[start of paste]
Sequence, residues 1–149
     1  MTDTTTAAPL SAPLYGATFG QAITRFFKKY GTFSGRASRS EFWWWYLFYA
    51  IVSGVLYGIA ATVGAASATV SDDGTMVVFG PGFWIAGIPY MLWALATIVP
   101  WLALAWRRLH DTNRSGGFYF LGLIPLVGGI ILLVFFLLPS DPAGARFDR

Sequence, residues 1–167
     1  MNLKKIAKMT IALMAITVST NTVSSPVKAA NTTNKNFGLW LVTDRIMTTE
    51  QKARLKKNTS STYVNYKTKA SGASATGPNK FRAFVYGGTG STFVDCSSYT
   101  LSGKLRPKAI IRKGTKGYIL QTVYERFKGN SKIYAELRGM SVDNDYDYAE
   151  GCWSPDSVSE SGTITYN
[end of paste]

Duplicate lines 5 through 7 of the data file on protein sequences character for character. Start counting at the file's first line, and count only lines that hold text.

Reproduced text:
Sequence, residues 1–167
     1  MNLKKIAKMT IALMAITVST NTVSSPVKAA NTTNKNFGLW LVTDRIMTTE
    51  QKARLKKNTS STYVNYKTKA SGASATGPNK FRAFVYGGTG STFVDCSSYT